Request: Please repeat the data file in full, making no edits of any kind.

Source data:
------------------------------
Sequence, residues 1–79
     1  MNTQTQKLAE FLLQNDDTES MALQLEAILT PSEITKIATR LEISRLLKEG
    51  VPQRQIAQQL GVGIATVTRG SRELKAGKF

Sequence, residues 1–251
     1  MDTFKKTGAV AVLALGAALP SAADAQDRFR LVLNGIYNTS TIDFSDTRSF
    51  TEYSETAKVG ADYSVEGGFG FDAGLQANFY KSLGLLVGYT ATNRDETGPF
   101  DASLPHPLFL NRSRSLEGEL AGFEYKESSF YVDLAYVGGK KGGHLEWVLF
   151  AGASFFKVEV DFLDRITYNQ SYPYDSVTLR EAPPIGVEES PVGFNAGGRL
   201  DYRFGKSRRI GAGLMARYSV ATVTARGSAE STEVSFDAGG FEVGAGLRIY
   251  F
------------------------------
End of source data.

Sequence, residues 1–79
     1  MNTQTQKLAE FLLQNDDTES MALQLEAILT PSEITKIATR LEISRLLKEG
    51  VPQRQIAQQL GVGIATVTRG SRELKAGKF

Sequence, residues 1–251
     1  MDTFKKTGAV AVLALGAALP SAADAQDRFR LVLNGIYNTS TIDFSDTRSF
    51  TEYSETAKVG ADYSVEGGFG FDAGLQANFY KSLGLLVGYT ATNRDETGPF
   101  DASLPHPLFL NRSRSLEGEL AGFEYKESSF YVDLAYVGGK KGGHLEWVLF
   151  AGASFFKVEV DFLDRITYNQ SYPYDSVTLR EAPPIGVEES PVGFNAGGRL
   201  DYRFGKSRRI GAGLMARYSV ATVTARGSAE STEVSFDAGG FEVGAGLRIY
   251  F